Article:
When I was little, I would take hours to finish my dinner, which generally comprised of dahl (lentils), subzi, (veggies), and roti (homemade flat wheat bread). My mom would bring a fresh, hot roti to my plate and put a thick slab of butter on there, which I would watch melt and drip across the roti and onto my plate with delight. I knew that this treat would only be warm and buttery for so long, so I devoured it, occasionally dipping it in my dahl.
As for most other kids, the last thing on my plate would be the veggies. I'd stare at them for hours, spreading them around my plate to make it look like they'd been mostly eaten. (Note to kids: this never worked. Tell me if you find a better way). After my dad and my sister finished dinner, my mom would come to the table and make sure I ate every last bite, often wrapping my subzi into a warm roti and saying, "Here, it's like a burrito."
Today, I find that while I really do like vegetables, I'm often loath to cook them up as a separate side dish, either because it's too much effort or because they come out tasting somewhat boring. This not only leads to a less healthy diet, but, as Katie discussed yesterday, leads to many a veggie escaping death by eating and instead succumbing to death by molding. Much like parents try to invent new ways to disguise veggies in their children's meals, I find myself trying to hide veggies from myself. Luckily for me, this self-trickery works very well. Here are some tips for getting your veggies out of your fridge and into your belly:
1. Blend them into a sauce, pesto or soup
Last week, I made this wonderful Green Pea Pesto recipe from our friend Erin at fresh365. I'd never made a vegetable-based pesto, and I found it to be a very clever way to hide my peas. It felt like I was eating a gourmet pasta dish - somewhat decadent and rich, incredibly flavorful with the capers, lemon and basil, but unbeknownst to me, packed with antioxidants, protein, and other nutrients! Wahahahaha. Trick #1 was a huge success. It occurs to me that veggie-based soups would be another great blending method - I've done this with butternut squash with great results.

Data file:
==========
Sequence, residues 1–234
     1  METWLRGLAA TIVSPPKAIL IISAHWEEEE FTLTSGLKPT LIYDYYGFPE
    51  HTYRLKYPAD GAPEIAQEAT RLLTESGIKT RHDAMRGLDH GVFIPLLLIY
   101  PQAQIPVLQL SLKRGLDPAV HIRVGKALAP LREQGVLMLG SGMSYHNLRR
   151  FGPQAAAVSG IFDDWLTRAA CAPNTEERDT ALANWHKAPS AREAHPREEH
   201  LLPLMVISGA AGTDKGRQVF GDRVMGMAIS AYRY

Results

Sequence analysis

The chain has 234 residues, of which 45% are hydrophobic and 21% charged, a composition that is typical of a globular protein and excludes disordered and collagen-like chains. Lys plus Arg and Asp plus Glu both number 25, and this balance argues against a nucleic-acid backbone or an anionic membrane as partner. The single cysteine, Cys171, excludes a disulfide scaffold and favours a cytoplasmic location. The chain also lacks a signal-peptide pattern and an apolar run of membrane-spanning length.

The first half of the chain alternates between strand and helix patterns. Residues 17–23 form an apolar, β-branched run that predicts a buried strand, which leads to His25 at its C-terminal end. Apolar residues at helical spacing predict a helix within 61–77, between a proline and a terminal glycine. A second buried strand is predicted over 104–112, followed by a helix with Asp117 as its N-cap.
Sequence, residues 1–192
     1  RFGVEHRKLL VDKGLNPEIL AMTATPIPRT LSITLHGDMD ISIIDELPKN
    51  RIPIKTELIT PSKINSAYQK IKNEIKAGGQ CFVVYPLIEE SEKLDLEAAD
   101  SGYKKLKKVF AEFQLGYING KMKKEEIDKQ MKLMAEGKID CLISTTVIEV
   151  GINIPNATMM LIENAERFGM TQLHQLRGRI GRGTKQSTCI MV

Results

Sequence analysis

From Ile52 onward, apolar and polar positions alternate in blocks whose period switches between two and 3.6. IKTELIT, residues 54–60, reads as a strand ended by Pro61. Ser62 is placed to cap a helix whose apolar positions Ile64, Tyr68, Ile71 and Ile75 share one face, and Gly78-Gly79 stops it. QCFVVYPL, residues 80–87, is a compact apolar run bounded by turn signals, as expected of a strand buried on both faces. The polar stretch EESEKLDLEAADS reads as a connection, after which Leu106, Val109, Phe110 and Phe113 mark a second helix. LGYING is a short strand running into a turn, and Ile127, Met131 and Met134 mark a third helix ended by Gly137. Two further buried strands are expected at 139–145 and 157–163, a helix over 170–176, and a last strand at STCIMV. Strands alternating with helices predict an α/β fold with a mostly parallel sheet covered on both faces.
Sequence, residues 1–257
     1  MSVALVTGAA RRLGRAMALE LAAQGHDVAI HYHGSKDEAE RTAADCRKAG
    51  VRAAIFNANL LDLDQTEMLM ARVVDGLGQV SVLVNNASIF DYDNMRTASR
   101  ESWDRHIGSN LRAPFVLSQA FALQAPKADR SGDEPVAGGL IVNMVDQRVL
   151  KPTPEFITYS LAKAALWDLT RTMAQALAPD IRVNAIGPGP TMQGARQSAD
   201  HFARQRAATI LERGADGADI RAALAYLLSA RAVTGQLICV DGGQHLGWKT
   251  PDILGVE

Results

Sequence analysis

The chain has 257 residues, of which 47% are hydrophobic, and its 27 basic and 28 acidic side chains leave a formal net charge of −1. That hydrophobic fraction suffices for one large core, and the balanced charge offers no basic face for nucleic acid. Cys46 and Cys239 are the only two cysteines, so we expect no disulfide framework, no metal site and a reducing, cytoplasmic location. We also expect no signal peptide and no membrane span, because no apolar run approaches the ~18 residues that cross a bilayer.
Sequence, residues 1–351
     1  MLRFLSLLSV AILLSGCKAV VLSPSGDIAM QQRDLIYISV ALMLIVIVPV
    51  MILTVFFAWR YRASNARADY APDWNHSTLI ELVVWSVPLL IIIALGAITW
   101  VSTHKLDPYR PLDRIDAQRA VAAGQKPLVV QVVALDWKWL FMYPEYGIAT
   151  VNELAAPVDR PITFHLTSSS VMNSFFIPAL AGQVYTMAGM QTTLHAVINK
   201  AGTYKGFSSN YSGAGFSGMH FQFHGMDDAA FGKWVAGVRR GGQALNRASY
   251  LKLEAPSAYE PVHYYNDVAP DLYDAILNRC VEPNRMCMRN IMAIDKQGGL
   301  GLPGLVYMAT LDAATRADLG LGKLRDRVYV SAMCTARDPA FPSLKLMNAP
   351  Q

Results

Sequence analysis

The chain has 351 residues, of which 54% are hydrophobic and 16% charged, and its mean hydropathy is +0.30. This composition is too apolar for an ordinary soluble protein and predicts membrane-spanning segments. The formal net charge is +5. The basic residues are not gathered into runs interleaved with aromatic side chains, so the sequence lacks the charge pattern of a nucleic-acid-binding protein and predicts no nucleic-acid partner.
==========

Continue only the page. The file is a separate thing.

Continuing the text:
2. Wrap them up "like a burrito"
Mom's trick was a good one. I'll often chop up bell peppers, onions, spinach and other veggies, stir fry them with chicken or beef and hide in a taco or quesadilla. You can get really creative with those. In fact, on Friday, Blake and I took our out-of-town friend, Ravi, to one of our favorite Mexican establishments, where they serve a pretty killer vegetarian fajita. Admittedly Friday's fajitas were not as well seasoned as on past occasions (sorry, Ravi!), but they packed in the veggies: snow peas, mushrooms, cauliflower, onions, peppers, plantains. Very tricky! Last week I discovered a new concealing tool to add to my tortilla collection: pizza dough. My adventures with calzones not only taught me how to bring more Jersey into my life, but enabled me to stuff some broccoli in my belly that, guaranteed, would not have made it atop my pizza where I could view it in plain sight.
3. Mix them into a one-pot meal
The last trick is a little less tricky in that you will still see the veggies in your dish. But, I think it still works better than having them be their own entity on your plate, because you're forced to eat them with eat bite. Yesterday, I made this Pasta with Goat Cheese, Lemon and Asparagus from our friend Jen @ Dreamy Dish, and I even added my leftover peas to the mix since I knew I wouldn't notice them in there. In the words of Borat, "Great Success!" Stews, chili, and stir-fries are another great one-pot way to get lots o' veggies in the belly.